By Joyce J Wangui
Observers say the verdict sets a legal precedent that impunity on sexual violence cannot be tolerated and that the long road it has taken victims of sexual crimes to reach this point-is indeed a moment of reckoning for the ICC and victims
International Criminal Court Chief Prosecutor Fatou Bensouda says the guilt judgment against Jean-Pierre Bemba on rape is a step towards addressing sexual violence mainly used as a weapon in conflict areas.
“This case has highlighted the critical need to eradicate sexual and gender-based crimes as weapons in conflict,” she said after the judgment in March.
Observers say the verdict sets a legal precedent that impunity on sexual violence cannot be tolerated and that the long road it has taken victims of sexual crimes to reach this point-is indeed a moment of reckoning for the ICC and victims respectively.
Eithne Dowds, a PhD researcher at the School of Law at Queen’s University Belfast, Ireland, specialising in the definitional parameters of the crime of rape at the International Criminal Court says Bemba judgment sends an important message in terms of holding individuals accountable for crimes of sexual violence and is in direct contrast to the historical narrative that categorised rape and sexual violence as spoils of war.
“I think the Office of The Prosecutor (OTP) is committed to ending impunity for crimes of sexual violence, demonstrated in the Office of the Prosecutor’s Policy Paper on Sexual and Gender-Based Crimes,” says Dowds.
She says she is cautious in her optimism and thinks that the ICC and the OTP need to continue rigorously investigating crimes of sexual violence and cannot become complacent.
Observers say the OTP has a good policy against crimes of sexual and gender based violence. It simply needs to implement it with tenacity and creativity.
“The OTP cannot always say that it does not have sufficient resources to open new cases,” says David Donat Cattin of the Parliamentarians for Global Action (PGA) based in New York.
Carla Ferstman, director of REDRESS, a human rights organisation that helps torture survivors obtain justice and says Bemba’s conviction is an important statement that impunity for sexual crimes will not be tolerated, but that must be accompanied by additional steps to address the rampant impunity that has allowed perpetrators to perpetuate their abuses.”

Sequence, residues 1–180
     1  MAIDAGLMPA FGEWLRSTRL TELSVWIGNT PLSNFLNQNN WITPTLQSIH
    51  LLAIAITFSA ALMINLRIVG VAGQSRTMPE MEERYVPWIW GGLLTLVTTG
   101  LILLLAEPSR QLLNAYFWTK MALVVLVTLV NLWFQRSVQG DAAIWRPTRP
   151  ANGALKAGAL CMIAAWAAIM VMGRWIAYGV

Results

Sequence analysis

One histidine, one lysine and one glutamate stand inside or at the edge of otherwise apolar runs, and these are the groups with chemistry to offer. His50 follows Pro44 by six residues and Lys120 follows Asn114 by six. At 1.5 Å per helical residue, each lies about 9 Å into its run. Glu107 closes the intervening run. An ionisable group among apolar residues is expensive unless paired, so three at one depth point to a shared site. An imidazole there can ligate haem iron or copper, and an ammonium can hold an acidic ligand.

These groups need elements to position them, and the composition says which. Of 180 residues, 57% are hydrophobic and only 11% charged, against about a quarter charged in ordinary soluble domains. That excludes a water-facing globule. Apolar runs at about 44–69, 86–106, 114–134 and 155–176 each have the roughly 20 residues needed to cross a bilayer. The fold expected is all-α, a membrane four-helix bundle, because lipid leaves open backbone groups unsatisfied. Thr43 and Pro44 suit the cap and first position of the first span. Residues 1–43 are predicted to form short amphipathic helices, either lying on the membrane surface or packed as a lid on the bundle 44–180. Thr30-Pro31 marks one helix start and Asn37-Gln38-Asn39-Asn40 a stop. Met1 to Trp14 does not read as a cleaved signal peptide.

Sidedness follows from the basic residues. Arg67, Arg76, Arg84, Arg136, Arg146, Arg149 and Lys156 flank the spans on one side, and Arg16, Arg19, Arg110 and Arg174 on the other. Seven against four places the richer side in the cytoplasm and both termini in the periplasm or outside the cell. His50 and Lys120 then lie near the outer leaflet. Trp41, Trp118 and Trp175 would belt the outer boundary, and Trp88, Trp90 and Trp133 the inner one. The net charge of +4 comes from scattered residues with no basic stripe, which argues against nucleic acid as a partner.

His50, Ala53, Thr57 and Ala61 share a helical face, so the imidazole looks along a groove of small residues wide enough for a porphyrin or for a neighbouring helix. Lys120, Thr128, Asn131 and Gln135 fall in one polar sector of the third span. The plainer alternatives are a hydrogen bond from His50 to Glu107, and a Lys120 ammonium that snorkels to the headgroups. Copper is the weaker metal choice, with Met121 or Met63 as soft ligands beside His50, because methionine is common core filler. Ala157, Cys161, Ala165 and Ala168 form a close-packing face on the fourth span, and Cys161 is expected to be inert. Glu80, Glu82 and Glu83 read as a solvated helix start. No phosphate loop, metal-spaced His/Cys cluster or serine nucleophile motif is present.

Dowds says the reasoning of the court should be utilised to help inform the internal criminal or disciplinary measures used by military commanders. “There needs to be more training on these crimes, more awareness around the way in which soldiers are expected to treat the civilian population, more express disciplinary measures and clear examples of behaviour that will not be tolerated,” she says. While this is only one step, she says it has the potential to have a far reaching effect. Dowds concludes that international criminal law can only do so much; any criminal justice response must be supported with other remedies such as appropriate medical care, shelters, financial support, and resettlements.
Advocacy group Physicians for Human Rights says the culture of impunity is ending and the stigma and shame of this crime (rape) ‘is moving where it belongs; to the perpetrator’.
UK’s Prime Minister Special Representative on preventing sexual violence, Joyce Anelay says the judgement shows sexual violence in conflict will not go unpunished.
Hollywood movie star Angelina Jolie Pitt, a big campaigner against sexual violence also wrote in a statement that: “My thoughts and my admiration go out to the survivors and witnesses who bravely testified in this case and contributed to this landmark conviction. I hope it will serve as a warning to perpetrators.”
Carrie Comer, of the International Federation for Human Rights, wrote: “A historic moment for victims of such unspeakable atrocities which sends a strong message from ICC judges that commanders must prevent and punish war crimes.”
In a telephone interview, a Kisumu based lawyer, Morgan Green told Journalists For Justice (https://jfjustice.net/en) that Bemba’s verdict sends a message that Africa can still count on the institution of court to deliver justice.
Bemba could face up to a whole-life in prison, but in principle will serve a maximum sentence of 30 years, which may be compounded with fines and the confiscation of property and assets. Bemba’s defence and the prosecutor are entitled to appeal the verdict as well as the sentence when they are handed down.
The guilty verdict unlocks the procedure for victims to apply for reparations. In fact, the ICC affords victims the right to obtain reparation for the harm suffered as a consequence of the crimes perpetrated by a convicted individual. The Trial Chamber will call upon the various parties to submit observations and may organise reparation hearings, before handing down reparation orders to be met by Bemba.
Read More on: How did rape become a weapon of war?